Yet the students faced troubles in the exam period as well. Due to malfunctions in the online exam system, some students were not able to access the exam, and the technical inadequacies led to many rights violations. Although these problems could be alleviated in time, a major problem arose when the students were assumed to be prone to cheat and certain precautions were implemented based on this bias. With measures such as surveillance of students with webcams and mics, use of software to detect the student rooms and in certain cases even their eye pupils, the students’ right to privacy was violated. These measures were in violation of the Law on Protection of Personal Data. In some universities the measures were revoked thanks to the students’ protests, in others they continue to be implemented. 

Another measure was the rearrangement of the exams’ duration. The students were often given a short amount of time in relation to the length of the questions. The purpose of this arrangement was said to prevent students from cheating. Similarly, there was the practice of not allowing the students to go back to a previous question to prevent cheating. The students were not informed of this until they tried to return  to a previous question. Such measures barred students from being evaluated in an equal and fair manner.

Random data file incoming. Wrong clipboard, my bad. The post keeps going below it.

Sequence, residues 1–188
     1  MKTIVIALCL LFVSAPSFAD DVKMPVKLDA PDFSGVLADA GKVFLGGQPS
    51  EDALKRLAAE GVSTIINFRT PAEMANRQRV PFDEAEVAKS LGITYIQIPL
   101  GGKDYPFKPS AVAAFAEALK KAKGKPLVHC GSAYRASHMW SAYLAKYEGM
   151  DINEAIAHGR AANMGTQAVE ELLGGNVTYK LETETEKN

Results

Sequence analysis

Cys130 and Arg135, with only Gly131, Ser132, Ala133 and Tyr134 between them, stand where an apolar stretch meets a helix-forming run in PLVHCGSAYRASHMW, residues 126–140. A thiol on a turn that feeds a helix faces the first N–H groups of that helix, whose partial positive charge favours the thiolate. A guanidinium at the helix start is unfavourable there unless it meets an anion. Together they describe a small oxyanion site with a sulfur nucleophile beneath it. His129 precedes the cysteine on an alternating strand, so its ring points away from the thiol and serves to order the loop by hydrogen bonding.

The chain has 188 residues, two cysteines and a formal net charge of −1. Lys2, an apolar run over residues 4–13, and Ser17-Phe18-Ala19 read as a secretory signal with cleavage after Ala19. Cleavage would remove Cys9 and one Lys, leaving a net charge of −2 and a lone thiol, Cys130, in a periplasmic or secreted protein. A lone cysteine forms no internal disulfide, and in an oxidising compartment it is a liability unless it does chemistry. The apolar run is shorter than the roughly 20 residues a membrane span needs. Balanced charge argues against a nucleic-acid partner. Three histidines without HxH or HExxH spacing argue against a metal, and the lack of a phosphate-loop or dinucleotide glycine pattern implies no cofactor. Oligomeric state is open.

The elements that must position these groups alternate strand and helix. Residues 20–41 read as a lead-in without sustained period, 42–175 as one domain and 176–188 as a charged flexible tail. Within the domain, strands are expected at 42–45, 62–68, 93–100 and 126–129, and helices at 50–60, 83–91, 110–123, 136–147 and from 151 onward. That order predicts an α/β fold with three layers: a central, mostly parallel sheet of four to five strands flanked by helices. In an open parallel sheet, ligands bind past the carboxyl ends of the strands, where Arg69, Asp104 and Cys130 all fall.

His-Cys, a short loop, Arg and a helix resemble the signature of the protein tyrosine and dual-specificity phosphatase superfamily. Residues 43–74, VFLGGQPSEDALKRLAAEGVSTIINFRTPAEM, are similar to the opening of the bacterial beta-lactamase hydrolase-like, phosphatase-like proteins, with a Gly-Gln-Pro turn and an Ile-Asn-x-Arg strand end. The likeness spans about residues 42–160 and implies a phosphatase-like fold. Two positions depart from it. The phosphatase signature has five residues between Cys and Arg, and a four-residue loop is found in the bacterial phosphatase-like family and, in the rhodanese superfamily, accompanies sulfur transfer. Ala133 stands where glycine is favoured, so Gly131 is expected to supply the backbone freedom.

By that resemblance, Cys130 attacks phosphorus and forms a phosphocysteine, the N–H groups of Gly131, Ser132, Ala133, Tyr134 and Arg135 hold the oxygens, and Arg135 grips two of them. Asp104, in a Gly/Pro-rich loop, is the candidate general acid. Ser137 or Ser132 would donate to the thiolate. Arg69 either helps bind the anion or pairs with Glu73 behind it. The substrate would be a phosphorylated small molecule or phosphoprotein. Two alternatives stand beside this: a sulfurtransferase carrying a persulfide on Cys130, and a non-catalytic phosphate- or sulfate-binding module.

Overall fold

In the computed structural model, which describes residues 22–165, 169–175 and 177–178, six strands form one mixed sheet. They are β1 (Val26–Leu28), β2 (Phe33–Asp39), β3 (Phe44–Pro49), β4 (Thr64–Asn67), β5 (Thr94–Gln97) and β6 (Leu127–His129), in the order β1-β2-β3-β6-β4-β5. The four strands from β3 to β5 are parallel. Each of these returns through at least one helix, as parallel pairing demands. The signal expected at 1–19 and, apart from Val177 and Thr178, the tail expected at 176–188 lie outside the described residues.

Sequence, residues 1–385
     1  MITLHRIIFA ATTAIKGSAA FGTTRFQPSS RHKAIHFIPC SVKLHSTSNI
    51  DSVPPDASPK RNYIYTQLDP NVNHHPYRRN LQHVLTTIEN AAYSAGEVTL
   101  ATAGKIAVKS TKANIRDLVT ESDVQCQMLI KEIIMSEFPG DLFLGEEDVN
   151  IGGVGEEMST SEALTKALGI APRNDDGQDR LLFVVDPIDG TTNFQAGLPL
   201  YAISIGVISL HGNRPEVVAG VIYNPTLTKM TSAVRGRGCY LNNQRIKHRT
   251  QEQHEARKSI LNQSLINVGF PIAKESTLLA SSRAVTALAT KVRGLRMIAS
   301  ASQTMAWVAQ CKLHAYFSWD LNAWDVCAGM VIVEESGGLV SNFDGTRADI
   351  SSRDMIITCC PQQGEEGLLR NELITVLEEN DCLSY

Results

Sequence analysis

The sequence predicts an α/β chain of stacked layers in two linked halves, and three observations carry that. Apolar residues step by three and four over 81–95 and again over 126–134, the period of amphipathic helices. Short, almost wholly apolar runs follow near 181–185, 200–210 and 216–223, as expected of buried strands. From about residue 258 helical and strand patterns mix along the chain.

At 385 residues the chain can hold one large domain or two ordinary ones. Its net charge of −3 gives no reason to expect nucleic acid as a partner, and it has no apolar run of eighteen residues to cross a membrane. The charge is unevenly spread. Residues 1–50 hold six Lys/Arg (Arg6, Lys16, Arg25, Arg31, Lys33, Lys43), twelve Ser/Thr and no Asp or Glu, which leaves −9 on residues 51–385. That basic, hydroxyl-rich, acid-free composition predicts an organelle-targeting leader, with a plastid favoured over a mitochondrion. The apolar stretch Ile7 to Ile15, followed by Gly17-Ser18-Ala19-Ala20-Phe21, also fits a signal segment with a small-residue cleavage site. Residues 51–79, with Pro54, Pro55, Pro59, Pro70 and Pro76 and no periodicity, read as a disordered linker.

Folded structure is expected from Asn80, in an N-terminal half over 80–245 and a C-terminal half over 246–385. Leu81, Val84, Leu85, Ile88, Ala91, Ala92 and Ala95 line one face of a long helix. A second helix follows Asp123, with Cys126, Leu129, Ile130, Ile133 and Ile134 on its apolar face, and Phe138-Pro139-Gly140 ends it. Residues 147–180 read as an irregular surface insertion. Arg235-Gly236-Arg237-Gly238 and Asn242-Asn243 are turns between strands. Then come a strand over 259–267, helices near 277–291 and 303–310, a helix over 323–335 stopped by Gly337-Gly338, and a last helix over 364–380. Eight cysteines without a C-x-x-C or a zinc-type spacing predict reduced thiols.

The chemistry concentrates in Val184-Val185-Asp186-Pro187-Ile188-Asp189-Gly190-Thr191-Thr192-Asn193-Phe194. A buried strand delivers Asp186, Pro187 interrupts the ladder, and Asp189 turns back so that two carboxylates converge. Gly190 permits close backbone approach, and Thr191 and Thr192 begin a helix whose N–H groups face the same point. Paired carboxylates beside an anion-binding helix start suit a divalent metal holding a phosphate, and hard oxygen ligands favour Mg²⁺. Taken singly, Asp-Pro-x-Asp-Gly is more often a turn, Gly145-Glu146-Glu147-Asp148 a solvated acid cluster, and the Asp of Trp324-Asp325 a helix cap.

Although it was possible to evaluate students with an assignment or through a pass/fail grading system, most of the universities chose to evaluate students through open ended questioned exams online. This led to students organizing social media campaigns. These online protests continue, some have led to achievements. Students were not allowed to voice their demands in this period and they certainly do not want to be treated as cheaters.   

As such, it is not possible to let YÖK and universities pass on the course, Administrative Law 101, which includes public administration and public institutions’ relations with people. Due to their unlawful regulations, lack of trust towards the students and the rights violations, we grade them FF. 

We grade all students who struggled for their rights under Covid-19 pandemic AA, continue the fight!